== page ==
Most mysteries follow one of two formulas. The first is the Sherlock Holmes model, where a (typically idiosyncratic) detective solves the mystery. Details may change – Hugh Laurie’s Dr. House on the TV show House solves medical mysteries, the heroine of many Agatha Christie novels, Miss Marple, is a totally different kind of protagonist than Holmes, and J.K. Rowling’s Cormoran Strike has a military background – but really, these seemingly different characters are all brilliant, all outside the law, and in addition to solving mysteries, tend to have adventures along the way (although House’s adventures tend to be fueled by Vicodin). The second formula is the institutional, or Law and Order model, where a group, usually official in some capacity, solves the crime. Yet even here, stories in this model tend to follow the same pattern as the first.
I mention all this because I want to make it clear how much I admire Leonardo Sciascia’s To Each His Own, which manages to be a different kind of mystery entirely.
I’m tempted to call it an anti-mystery novel, since it undermines so many familiar tropes. The hero, an impressively average literature professor named Laurana, is no genius like Holmes, House, Marple, Strike, or even as capable as the comparatively normal Law and Order characters. He isn’t He only begins investigating a double murder in his town out of curiosity, as if it were a puzzle to test his ingenuity against. The murders themselves are striking, as well, in their seeming randomness – a pharmacist everyone likes receives a threatening letter and, the next day, is found dead, along with a hunting partner who apparently had the bad fortune of being around the pharmacist at the wrong time.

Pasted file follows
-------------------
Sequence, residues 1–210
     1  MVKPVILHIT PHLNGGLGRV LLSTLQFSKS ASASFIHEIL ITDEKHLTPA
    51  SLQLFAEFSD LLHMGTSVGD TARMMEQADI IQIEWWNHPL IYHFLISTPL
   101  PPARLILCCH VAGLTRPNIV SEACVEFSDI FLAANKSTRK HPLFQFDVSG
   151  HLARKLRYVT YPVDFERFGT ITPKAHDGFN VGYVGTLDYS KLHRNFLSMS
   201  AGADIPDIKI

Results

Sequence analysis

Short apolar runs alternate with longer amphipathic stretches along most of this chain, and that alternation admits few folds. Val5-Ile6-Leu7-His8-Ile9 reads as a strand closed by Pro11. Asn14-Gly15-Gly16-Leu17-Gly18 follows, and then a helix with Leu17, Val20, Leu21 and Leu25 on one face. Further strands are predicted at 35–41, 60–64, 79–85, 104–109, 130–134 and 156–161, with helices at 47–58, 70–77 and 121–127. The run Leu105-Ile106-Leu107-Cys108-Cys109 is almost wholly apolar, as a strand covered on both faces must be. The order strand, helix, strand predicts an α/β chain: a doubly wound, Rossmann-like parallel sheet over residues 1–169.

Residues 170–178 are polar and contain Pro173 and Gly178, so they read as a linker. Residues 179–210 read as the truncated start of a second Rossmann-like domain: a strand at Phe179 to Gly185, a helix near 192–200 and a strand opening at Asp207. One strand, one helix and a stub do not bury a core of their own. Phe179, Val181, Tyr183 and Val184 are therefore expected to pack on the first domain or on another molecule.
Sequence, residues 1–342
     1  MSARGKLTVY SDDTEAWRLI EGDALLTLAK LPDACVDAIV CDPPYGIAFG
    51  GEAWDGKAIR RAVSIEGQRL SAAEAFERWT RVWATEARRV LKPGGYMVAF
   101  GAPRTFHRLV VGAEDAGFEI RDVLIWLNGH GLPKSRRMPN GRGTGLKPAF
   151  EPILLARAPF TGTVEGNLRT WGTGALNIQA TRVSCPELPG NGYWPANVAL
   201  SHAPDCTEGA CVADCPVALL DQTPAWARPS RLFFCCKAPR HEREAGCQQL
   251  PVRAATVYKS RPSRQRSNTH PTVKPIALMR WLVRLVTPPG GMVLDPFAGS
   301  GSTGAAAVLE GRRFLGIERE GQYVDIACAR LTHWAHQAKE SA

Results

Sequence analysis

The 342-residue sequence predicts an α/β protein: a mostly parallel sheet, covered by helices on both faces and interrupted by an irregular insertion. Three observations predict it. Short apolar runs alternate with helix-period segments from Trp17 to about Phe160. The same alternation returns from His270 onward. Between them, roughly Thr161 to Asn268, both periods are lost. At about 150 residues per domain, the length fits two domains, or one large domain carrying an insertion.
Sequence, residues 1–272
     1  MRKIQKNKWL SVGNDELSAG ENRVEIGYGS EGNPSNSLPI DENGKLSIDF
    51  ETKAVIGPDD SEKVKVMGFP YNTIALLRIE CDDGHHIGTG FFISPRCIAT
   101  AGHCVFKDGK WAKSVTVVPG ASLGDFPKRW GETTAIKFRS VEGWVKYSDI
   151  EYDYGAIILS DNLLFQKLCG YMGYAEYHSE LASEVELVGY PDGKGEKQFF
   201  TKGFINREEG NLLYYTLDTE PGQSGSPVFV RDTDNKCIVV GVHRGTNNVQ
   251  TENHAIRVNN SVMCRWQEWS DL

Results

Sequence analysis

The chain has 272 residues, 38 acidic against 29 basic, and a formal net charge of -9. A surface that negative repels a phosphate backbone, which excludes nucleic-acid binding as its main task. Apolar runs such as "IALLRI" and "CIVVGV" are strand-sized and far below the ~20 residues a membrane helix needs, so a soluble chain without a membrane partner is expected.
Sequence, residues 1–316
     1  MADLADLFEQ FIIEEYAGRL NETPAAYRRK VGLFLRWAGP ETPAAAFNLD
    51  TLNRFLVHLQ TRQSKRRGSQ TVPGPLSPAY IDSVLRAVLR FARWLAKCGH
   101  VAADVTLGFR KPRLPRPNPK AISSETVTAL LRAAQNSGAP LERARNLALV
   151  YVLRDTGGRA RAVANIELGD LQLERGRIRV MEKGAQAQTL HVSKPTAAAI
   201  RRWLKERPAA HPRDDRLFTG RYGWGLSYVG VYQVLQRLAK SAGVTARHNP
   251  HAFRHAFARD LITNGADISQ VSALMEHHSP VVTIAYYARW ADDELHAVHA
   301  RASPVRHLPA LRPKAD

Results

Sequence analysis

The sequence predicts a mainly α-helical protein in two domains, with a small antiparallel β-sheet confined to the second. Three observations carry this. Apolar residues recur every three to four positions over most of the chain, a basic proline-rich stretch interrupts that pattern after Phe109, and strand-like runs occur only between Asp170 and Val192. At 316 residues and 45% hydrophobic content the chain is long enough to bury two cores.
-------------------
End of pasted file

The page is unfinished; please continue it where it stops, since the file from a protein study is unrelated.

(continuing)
But this is no satire of the genre. To Each His Own does have a mystery at its heart, which Laurana almost accidentally manages to piece together, and what started as a harmless intellectual exercise suddenly becomes deathly serious. The turning point comes when Laurana comes face to face with a character who – to avoid spoilers – I’ll simply say lives in a world where double homicides are routine.
Sciascia’s novel is fascinating for a number of reasons, but perhaps above all because the question isn’t so much what happened as what do the people in charge want to have happened. Another one of his novels, Equal Danger, involves a political murder and the investigation is stymied multiple times because the higher-ups concoct a narrative that suits their purposes and they don’t appreciate the detective’s attempts to learn the truth. To Each His Own isn’t political so much as cultural, touching on the mafia, how some criminals are untouchable (as one character claims), and how insoluble most mysteries are. Many questions are answered by the end of the novel, but not all of them, and the revelations about who knew what when makes the very question of who is guilty a mystery itself. As for Laurana, he ends up being the real victim, a man who was never really a threat yet still managed to involve himself in a story that was too big for him from the start.
Sciascia shows that not every mystery has to be the same, that you can experiment with the very notion of what it means to solve a mystery when the truth isn’t always what someone, or anyone, wants.
And the best part is, if you enjoy To Each His Own, he’s got plenty of other works, each complicating the mystery novels in unique ways to create not an anti-mystery, but a meta-mystery.
So go read it. Now.